It all started with a road trip. “Me and Sean would stick on music in the car on the long drive to gigs, playing each other new stuff that we’d just picked up,” says Weatherall. “We started to notice that everything we were buying, certainly the stuff that we liked the most, was sometimes even as slow as 105bpm. These records were sexier and more interesting than the latest techno releases, many of which were cold and sterile, but I wasn’t getting the outlet to play them as the main attraction at some club nights. So we started to imagine a playlist that covered the whole night at a club, starting slowly and peaking at no higher than 120bpm. Don’t get me wrong, I like a techno smash-up, but I find playing slower music more enjoyable these days.”
Eventually, A Love From Outer Space was born, named after the dream-pop ditty by A.R. Kane, with its tongue-in-cheek manifesto of “never knowingly exceeding 122bpm”. The spacey treats and slo-mo, ‘drug-chug’ beats you’ll hear are mined from Weatherall and Johnston’s enormo-crates of post-punk, proto-house, industrial, kosmische, rare dubs and disco noir, as well as their own never-before-heard remixes and crisp new edits by their contemporaries. So it’s not unusual at ALFOS to see mobile phones bobbing in the air like spaceships as people attempt to capture each tune and decode them with their Shazam apps.
It has, however, acquired a catchall term that has flabbergasted the Wevhead. “I don’t know when someone woke up and decided to call it ‘cosmic disco’. I missed that meeting,” he jokes. Moreover, this particular strand of machine music stems from his early love of post-punk. “When I was a kid, I’d I got into glam and punk records but I was also into soul and disco. People from either of the side would question my motives and ask how I could like both types of music. A lot of the people that were making post-punk had that same dilemma, especially when all of that “disco sucks” stuff was happening in the late ’70s. It’s not a very popular theory to espouse, though, because people want punk to be a lot more political and a lot more anarchistic.” But it’s one Weatherall tested brilliantly by wearing an Anthrax T-shirt to a seaside soul weekender in 1987.
“When a lot of those early post-punk bands came along, it was a dream come true,” he continues. “A Certain Ration, 23 Skiddoo, Throbbing Gristle, Liquid Liquid and bands like that… My confusion had ended!” Later, acid house was the happy and huggy release from that post-industrial gloom, but he has since returned there for inspiration.
Weatherall’s vast eclecticism has, nonetheless, had its consequences. As a genre polymath, whose sets and mixes can vary from boshing techno to reggae and krautrock, it has become increasingly necessary to state the name of the sound after his name on club flyers. “People like to know what they're getting,” he admits. “It can lead to great excitement when they learn of a new facet to you, but it can lead to people wanting to kill you, as happened in Cork a few years ago. I turned up to an arts festival there to play rockabilly and a load of people had travelled for miles to hear me play techno. I played three records and a girl came up to me and did that fingers-across-the-throat motion right in my face. I had to sneak out the back door while the bouncer stopping people from getting at me.”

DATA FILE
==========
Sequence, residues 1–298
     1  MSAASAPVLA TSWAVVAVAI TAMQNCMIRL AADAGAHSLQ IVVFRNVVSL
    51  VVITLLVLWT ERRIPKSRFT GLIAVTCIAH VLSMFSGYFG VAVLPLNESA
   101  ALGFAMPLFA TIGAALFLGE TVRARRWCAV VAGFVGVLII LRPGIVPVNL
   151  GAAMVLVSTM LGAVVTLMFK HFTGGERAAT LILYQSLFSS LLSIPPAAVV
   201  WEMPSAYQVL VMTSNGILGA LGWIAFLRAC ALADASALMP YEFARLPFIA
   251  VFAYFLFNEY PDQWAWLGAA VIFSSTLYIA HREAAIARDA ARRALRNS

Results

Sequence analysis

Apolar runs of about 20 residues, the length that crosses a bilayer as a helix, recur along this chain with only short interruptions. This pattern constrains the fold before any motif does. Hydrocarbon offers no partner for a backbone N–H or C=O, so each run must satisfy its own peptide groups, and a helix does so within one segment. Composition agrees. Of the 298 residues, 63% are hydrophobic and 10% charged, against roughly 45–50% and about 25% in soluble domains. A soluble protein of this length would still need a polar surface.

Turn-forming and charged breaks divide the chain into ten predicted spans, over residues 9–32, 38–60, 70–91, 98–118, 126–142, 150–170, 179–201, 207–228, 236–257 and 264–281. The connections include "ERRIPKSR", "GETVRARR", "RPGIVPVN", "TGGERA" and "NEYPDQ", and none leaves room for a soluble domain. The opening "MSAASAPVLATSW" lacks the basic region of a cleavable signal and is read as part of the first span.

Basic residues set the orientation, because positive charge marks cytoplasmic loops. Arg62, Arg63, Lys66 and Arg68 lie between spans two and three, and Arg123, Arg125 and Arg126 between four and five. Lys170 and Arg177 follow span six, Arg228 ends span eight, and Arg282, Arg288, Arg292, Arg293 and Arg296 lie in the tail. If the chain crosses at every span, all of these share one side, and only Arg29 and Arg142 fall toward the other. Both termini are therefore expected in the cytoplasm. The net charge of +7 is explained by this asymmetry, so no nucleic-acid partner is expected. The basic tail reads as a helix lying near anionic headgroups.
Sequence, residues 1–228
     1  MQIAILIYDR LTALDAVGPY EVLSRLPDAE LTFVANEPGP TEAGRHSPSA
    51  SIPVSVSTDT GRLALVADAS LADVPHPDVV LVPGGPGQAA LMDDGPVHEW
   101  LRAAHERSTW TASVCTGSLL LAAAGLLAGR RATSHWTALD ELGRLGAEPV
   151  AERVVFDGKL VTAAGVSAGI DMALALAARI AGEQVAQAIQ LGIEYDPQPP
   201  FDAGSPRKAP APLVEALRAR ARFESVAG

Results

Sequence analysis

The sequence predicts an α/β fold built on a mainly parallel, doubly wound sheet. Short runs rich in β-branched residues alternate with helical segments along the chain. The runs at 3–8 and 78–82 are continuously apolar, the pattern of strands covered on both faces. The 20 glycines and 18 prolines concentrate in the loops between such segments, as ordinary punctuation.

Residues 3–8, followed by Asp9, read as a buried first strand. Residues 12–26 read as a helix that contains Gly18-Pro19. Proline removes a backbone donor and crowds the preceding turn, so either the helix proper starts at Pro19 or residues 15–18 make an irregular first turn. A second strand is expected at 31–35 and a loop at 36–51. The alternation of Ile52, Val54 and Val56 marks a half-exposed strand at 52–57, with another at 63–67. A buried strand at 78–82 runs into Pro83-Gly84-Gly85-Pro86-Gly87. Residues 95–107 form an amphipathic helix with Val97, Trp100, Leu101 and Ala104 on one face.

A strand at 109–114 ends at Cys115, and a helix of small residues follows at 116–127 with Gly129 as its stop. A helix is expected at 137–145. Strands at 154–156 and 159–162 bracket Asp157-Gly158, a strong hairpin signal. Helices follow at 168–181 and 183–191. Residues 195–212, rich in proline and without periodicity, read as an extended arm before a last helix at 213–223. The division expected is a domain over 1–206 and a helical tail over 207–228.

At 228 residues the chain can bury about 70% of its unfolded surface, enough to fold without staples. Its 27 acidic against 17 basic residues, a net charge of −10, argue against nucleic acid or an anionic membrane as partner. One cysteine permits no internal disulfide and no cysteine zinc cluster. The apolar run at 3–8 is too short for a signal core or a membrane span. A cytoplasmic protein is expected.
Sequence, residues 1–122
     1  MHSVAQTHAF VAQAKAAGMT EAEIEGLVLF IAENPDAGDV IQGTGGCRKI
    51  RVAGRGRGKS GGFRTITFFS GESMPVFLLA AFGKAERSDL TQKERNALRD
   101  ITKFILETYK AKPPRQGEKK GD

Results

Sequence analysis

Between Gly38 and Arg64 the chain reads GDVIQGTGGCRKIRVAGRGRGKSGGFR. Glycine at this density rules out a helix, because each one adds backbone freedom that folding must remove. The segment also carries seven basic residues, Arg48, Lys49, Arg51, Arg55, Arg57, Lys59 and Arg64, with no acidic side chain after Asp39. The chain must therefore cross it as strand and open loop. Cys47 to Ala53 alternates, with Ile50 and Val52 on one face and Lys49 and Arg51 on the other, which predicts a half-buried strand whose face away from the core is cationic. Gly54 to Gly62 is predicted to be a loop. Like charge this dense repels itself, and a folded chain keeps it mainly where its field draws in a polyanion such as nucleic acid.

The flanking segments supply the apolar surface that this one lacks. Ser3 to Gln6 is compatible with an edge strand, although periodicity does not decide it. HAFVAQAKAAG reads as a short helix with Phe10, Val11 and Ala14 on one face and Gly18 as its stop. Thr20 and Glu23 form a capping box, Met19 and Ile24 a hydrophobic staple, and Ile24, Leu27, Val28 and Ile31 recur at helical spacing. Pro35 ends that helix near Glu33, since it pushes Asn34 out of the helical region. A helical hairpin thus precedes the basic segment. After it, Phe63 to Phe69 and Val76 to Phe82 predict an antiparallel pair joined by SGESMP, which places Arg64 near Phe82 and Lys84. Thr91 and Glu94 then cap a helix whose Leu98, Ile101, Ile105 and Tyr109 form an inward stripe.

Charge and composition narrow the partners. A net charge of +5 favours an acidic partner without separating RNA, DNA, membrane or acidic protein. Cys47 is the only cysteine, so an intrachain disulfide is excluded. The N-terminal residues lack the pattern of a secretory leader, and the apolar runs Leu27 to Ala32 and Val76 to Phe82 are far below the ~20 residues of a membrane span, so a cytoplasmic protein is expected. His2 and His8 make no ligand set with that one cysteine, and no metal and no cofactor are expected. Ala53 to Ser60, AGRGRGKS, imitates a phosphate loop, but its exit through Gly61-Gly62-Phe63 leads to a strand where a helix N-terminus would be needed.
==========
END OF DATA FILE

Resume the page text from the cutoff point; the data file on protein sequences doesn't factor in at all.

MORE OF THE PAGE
Still, his A Love From Outer Space sound is gently taking off. In its two short years, the night has built up a cult fanbase and their first birthday party, in May 2011, was a roadblock. “It’s the off-duty DJs’ night out,” says Johnston of a typical crowd. “When I look out on the dancefloor, it’s a ‘Who’s Who’ of underground London disco DJs from the last 20 years. Everyone from the Idjut Boys to Richard Sen has been down.” And it’s not just their cronies who are onboard either: the new school of cutting-edge London DJs, like Dan Avery (aka Kill Em All resident Stopmakingme) and Friendly Fires’ drummer and lead selector Jack Savidge, have been spotted on the A Love From Outer Space frontline.
Now London isn’t the only stop on Weatherall and Johnston’s interplanetary mission. They are journeying further afield – slowly, of course – and they’ve spun sets under the ALFOS banner from Brighton to Berlin and from Manchester to Milan. As this mix heads to the pressing room, so ends their residency at The Drop too, nearly two years after their first night there in May 2010. Instead, the pair are focusing on larger events and filling them with talented new DJs and live bands – perhaps, at some point, even Wevvers’ brand new project with Fairplay, The Aspho Dells, who feature on this mix.
Going larger is one thing, but A Love From Outer Space is never going to be a multiplex-style ‘superclub’ event. It’s too leftfield for that, and too much about Weatherall and Johnston following their own path, whether you like it or not. But let’s be honest: you knew that already, and that’s why you picked up this CD. “Trends go whizzing past me,” Weatherall says with a chuckle. “People will say, ‘Ah, dya see that?’. And I’ll go: ‘What was that?’ And they’ll say: ‘That was a trend!’ And I’ll say: ‘Ah, fuck it, not another one.’ If you’re never in fashion it’s difficult to be out of fashion. It’s the difference between fashion and style: why try and cram yourself into the latest pair of tight ironic trousers when another pair looks and fits you better?”
Kate Hutchinson, April 2012